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Bosch Enters the Ridesharing Space

| February 22, 2018


Engineering giant, Bosch, is entering the ridesharing business by acquiring Splitting Fares, a U.S. start-up that allows companies, universities, and municipal authorities to offer their work forces ridesharing services.

The B2B approach is designed especially for commuters.

Here’s how it works: SPLT uses an app to connect people who share the same route to their place of work or study. An algorithm finds the best composition for the ride-share, and computes the fastest route. The aim is to reduce congestion and make the daily commute more relaxed.

SPLT was founded in 2015. Some 140,000 users in the United States, Mexico, and Germany currently use the service. It has been agreed that the purchase price will not be disclosed. “With SPLT, we are extending our portfolio in the growth area of mobility services,” said Dr. Markus Heyn, member of the Bosch board of management. With connected mobility services, Bosch aims for growth well into double digits.

“Increasingly, smartphones are becoming the most important means of travel,” Heyn added. Connecting road users and modes of transportation is making flexible, multimodal mobility possible: in a matter of seconds, everyone can decide how they want to travel, and make the necessary bookings. “With this sustainable and affordable mobility service, we want to fundamentally change the way people get from A to B,” said Anya Babbitt, the co-founder and CEO of SPLT.

Increasing numbers of commuters

Ridesharing, in which digital services and apps are used to form carpools and to organize vehicle sharing and taxis, is a growth market in the connected mobility sector.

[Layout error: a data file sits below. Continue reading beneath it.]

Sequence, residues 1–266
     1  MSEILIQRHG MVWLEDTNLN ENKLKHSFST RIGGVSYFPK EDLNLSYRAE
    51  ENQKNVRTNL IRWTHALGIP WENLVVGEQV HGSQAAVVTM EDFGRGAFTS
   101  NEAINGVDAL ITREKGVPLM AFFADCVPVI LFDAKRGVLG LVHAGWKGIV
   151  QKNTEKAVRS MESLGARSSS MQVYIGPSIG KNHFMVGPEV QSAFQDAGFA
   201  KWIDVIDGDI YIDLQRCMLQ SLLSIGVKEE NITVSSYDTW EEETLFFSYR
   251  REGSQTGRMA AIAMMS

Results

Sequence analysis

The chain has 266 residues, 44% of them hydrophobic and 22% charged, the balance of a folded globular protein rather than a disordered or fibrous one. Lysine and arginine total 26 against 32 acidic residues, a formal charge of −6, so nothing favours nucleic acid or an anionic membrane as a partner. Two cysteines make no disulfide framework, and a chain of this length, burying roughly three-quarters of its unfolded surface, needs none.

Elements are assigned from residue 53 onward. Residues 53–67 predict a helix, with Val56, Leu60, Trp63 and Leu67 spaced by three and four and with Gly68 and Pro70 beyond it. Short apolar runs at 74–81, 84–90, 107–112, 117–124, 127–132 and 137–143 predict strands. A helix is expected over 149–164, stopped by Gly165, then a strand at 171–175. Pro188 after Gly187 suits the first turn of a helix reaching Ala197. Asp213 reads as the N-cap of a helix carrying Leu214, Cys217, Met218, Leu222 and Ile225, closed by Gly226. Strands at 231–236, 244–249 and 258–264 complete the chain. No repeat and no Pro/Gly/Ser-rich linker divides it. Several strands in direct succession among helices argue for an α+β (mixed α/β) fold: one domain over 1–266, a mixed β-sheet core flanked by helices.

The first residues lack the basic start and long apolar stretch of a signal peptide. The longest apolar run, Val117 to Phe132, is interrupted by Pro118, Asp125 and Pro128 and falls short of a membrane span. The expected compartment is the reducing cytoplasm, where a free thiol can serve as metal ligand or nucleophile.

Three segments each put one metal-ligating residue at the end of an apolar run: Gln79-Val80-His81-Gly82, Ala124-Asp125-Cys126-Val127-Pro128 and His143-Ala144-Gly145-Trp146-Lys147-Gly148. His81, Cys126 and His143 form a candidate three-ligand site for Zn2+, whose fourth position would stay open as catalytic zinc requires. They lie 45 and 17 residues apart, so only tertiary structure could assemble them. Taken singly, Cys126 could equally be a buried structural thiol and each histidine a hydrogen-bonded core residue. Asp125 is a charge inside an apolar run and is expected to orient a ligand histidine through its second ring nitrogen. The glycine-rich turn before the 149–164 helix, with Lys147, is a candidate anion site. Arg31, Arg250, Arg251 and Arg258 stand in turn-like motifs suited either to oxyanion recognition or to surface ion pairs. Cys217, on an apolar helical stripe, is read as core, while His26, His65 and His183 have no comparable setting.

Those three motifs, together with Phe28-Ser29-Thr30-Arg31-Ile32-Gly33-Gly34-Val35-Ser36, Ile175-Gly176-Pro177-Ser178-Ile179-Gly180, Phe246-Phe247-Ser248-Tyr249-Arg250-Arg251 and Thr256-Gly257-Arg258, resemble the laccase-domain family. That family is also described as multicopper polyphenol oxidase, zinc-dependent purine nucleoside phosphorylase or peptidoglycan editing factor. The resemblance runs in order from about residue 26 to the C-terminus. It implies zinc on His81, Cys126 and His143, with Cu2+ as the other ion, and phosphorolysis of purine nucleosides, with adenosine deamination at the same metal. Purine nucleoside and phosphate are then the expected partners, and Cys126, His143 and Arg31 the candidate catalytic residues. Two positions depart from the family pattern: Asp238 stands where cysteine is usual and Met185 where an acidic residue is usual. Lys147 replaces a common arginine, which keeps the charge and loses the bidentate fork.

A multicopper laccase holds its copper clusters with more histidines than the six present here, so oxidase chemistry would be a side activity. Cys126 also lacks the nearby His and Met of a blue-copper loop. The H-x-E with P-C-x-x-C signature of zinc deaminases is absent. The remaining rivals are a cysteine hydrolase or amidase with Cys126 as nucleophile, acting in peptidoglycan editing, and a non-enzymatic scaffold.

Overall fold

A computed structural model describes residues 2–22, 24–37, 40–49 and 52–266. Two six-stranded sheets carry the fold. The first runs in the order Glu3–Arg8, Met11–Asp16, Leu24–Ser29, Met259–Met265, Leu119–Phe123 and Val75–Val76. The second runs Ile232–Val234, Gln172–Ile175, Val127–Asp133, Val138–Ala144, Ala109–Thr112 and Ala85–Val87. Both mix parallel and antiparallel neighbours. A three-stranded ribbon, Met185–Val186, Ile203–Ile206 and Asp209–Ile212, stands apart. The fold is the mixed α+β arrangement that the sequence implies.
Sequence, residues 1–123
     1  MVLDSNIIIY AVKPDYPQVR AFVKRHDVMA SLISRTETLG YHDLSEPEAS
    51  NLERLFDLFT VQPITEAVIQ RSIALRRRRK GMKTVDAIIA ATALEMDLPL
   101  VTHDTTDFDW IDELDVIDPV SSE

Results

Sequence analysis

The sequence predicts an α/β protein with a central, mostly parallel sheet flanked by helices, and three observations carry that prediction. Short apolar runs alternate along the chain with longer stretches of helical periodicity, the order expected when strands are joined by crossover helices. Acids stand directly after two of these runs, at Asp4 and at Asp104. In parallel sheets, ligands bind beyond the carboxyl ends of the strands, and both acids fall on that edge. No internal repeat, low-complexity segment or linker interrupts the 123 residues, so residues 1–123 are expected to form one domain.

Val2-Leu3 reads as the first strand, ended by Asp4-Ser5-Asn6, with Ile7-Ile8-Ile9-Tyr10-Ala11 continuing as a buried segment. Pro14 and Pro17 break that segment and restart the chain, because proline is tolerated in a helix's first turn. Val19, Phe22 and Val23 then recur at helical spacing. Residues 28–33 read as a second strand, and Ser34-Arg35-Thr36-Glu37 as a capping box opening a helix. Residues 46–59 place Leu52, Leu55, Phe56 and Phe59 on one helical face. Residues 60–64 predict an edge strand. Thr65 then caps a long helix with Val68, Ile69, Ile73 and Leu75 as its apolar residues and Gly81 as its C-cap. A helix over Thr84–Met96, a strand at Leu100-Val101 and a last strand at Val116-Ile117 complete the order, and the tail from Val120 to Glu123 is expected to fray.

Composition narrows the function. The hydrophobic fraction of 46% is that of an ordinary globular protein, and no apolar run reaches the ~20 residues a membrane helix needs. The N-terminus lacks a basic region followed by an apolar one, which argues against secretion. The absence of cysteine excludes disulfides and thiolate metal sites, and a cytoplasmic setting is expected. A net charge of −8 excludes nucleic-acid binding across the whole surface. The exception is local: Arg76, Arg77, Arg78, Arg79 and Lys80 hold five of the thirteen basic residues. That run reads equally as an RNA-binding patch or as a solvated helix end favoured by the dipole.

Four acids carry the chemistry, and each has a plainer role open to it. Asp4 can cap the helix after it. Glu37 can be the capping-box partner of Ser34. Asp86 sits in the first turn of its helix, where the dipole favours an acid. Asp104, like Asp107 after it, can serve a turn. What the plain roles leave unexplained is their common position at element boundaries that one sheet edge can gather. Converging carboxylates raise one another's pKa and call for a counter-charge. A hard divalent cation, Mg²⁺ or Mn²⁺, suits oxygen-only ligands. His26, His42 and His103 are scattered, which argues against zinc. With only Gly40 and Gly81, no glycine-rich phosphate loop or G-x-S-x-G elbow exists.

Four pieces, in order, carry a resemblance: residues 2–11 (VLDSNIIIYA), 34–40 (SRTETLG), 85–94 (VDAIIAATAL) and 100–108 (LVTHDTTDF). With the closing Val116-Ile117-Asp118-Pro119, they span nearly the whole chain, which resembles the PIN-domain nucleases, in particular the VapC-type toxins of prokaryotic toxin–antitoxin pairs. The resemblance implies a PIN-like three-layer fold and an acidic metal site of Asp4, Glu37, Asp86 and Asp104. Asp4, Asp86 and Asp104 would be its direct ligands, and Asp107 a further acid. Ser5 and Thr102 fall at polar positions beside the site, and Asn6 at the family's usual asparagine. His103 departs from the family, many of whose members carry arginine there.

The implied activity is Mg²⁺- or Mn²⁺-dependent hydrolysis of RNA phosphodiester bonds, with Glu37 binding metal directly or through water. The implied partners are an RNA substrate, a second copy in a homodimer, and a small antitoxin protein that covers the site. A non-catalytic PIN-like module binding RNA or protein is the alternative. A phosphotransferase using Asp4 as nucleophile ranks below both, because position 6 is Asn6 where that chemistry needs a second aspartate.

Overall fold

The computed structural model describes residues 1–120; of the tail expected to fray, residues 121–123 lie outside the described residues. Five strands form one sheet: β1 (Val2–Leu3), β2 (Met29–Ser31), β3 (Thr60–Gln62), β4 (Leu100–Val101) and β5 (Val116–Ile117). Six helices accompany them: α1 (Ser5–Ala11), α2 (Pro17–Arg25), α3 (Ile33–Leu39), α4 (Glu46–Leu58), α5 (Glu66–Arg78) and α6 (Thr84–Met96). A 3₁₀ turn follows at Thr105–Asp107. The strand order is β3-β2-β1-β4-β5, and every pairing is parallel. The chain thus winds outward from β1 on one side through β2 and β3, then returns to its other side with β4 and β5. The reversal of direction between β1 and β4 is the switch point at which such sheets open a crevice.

By 2020, the number of people worldwide using rideshares is expected to rise 60 percent to 685 million (source: Statista). Up to now, the services available have usually directly targeted people who happen to be traveling in the same direction, and who want to book a ride on the spur of the moment.

They have not focused so much on companies and commuters. But it is precisely here that there is huge potential. According to the German Federal Motor Transport Authority, there are more than 45 million cars on Germany’s roads alone. And the number of commuters is rising: according to the German Federal Institute for Research on Building, Urban Affairs, and Spatial Development, three out of five workers do not work in their home cities. And for roughly two-thirds of the working population, the car is the first choice of transport for the daily commute, according to the German Federal Statistical Office. Worldwide, the result is the same: rush-hour traffic is frequently gridlocked. Millions of commuters find themselves stuck in traffic every day. A further problem is that drivers usually sit alone in their cars. Carpooling is still the exception. This is where SPLT’s solution comes in.

Commuting without stress, at low cost, and with little environmental impact

SPLT is about sharing — and simplicity.

Companies, universities, or municipal authorities enable access to the SPLT platform for their employees, who then download the SPLT app, register, and look for or offer a rideshare. Bookings can be made on the spur of the moment or in advance. Arrival times are displayed in real time, and costs are shared among colleagues and charged online.

The B2B service is intended for users who travel the same route each day. One advantage of this is that rides are shared by colleagues, which means users never have to get in the car with complete strangers.

As a side benefit, such rideshares encourage communication and offer a chance to network.

Company buses can also be integrated into the app, and in this way be used more flexibly and efficiently. The result is a journey to work and back without stress, at low cost, and with little environmental impact.

Companies can also play a role in reducing traffic volume. In the years ahead, the number of SPLT users is expected to rise many times over – with new regions also being included. Within Bosch itself, associates in Mexico are already using the app, and it is planned to extend its use to the entire company. “We believe we have a good chance of global growth together with Bosch,” Babbitt said. SPLT will remain an independent entity within the Bosch Group and be run as a wholly owned subsidiary.

Category: General Update, News

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